This was intolerable! To break it up, he bought a magazine from the train-boy and tried to read. But the story he lighted on concerned itself with a ravishingly beautiful young woman and an incredibly meritorious young man, and worked itself out, cleverly enough to be sure—which made it worse—upon the assumption that all that was needed for their supreme and permanent happiness was to get into each other’s arms, which eventually they did.
Rose had been in his arms last night!
So the scorching treadmill round began again. But at last sheer physical exhaustion intervened and he fell heavily asleep. He didn’t waken until the conductor took up his bit of pasteboard again, shook him by the shoulder, and told him that he’d be at his destination in five minutes.
Presently, in the hotel, he locked his door, opened the window and sat down to think.
Two days later, at half past eight in the morning, he walked in on Frederica at breakfast with her two eldest children. He had been able to count on this because the Whitneys had a certain pride in preserving some of the customs of the generation before them; at least Martin had, and Frederica’s good-natured, rueful acquiescence gave her at once something to laugh at him a little about and a handy leverage for the extraction of miscellaneous concessions. It wasn’t exactly a misdemeanor to be late to breakfast—it began promptly at eight o’clock—but it was distinctly meritorious not to be. Martin never was and he always left the house for his office at exactly eight-twenty. His chauffeur was trained to take just ten minutes trundling the big car down-town, and eight-thirty found him at his desk as invariably as it had found his father before him. It was all perfectly ritualistic, of course. There wasn’t the slightest need for any of it.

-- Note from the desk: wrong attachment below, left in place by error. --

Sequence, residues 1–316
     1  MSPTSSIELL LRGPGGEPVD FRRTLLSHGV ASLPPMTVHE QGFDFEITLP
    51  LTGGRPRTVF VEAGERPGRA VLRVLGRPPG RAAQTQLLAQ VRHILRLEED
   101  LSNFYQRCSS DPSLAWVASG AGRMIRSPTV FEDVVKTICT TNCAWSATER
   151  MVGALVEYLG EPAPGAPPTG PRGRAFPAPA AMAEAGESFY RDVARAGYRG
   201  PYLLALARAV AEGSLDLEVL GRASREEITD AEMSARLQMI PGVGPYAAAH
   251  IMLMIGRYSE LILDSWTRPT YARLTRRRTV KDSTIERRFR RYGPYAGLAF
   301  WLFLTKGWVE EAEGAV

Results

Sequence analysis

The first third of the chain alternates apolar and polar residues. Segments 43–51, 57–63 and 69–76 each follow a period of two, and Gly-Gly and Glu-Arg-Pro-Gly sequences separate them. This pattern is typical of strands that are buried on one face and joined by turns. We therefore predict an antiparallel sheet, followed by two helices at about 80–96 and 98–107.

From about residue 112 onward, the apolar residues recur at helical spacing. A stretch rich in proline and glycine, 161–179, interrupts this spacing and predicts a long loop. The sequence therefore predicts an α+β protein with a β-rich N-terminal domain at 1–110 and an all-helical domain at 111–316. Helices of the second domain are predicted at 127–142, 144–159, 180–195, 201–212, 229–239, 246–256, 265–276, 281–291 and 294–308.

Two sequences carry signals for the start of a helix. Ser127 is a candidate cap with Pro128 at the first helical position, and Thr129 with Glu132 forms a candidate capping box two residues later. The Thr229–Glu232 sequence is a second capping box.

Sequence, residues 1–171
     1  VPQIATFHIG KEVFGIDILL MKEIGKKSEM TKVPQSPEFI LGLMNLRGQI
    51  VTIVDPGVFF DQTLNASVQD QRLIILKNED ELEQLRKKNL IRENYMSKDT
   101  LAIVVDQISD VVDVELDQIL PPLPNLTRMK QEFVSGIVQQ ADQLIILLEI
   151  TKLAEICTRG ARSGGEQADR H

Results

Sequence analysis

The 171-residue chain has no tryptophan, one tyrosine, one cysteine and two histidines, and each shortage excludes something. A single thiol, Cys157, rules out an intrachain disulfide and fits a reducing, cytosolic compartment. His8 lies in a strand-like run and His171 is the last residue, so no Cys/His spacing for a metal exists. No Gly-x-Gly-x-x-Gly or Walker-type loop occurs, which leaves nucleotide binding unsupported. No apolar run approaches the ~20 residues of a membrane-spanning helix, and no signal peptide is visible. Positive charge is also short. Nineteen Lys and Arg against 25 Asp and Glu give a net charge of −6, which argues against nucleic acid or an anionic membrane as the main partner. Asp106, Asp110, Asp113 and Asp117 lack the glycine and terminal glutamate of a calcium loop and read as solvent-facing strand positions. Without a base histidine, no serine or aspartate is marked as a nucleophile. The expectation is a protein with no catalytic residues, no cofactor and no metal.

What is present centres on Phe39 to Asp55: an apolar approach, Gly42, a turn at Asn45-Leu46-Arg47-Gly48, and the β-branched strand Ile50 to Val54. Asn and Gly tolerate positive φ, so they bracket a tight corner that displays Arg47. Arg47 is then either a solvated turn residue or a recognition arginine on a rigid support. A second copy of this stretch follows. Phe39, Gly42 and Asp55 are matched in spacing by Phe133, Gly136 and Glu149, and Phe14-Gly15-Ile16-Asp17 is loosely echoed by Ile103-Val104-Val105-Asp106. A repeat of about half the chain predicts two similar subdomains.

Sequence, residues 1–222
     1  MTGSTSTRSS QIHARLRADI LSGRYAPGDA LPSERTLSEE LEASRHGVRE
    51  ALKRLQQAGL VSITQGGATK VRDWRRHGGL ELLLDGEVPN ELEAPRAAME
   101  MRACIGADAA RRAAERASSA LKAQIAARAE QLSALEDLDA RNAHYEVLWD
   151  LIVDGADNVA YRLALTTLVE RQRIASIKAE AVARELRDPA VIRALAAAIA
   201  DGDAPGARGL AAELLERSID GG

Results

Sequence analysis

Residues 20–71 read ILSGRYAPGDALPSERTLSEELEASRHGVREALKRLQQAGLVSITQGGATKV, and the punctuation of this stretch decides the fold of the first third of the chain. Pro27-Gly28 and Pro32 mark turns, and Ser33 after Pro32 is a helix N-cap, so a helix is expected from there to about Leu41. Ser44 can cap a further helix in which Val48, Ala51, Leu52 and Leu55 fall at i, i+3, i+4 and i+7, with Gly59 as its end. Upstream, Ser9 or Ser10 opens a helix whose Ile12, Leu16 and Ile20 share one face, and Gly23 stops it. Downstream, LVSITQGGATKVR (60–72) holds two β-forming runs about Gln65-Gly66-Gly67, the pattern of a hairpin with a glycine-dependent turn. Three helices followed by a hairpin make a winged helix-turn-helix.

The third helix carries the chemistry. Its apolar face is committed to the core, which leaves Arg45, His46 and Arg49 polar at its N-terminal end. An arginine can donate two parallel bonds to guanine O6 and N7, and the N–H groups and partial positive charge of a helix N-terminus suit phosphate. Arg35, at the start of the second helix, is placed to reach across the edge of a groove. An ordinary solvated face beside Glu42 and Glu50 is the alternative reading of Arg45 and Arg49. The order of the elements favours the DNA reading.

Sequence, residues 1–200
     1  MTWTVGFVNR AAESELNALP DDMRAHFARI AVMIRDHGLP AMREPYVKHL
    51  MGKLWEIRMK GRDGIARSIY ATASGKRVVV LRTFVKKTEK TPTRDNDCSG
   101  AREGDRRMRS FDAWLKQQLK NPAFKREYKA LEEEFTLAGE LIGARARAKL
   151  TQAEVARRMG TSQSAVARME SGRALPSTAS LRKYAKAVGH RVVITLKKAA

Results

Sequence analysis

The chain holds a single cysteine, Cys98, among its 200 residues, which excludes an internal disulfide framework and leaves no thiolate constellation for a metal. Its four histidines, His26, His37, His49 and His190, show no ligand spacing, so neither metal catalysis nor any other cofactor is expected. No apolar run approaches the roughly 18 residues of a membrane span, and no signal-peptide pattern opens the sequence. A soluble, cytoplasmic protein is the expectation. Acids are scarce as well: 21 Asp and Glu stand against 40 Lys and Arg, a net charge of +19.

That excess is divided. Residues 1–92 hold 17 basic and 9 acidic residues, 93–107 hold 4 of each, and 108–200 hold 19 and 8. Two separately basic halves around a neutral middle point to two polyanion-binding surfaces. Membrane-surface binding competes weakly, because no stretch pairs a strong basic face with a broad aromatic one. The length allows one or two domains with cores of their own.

A knowledge of the ritual, though, stood Rodney in good stead this morning. He liked Martin well enough—had really a traditional and vicarious affection for him. But he was about the last man he wanted to see to-day.
The children were a boy of ten, Martin, junior, and a girl, Ellen, of eight. There was a three-year-old baby, too, but his nurse looked after him. They had finished breakfast, but Frederica had a way of keeping them at the table for a little while every morning, chatting with her—oh, about anything they pleased. If it was a design for their improvement, they didn’t suspect it. The talk broke off short when the three of them, almost simultaneously, looked up and saw Rodney in the doorway.
“Hello!” Frederica said, holding out a hand to him, but not rising. “Just in time for breakfast.”
“Don’t ring,” he said quickly. “I’ve had all I want. My train got in an hour ago and I had a try at the station restaurant.”
“Well, sit down anyway,” said Frederica.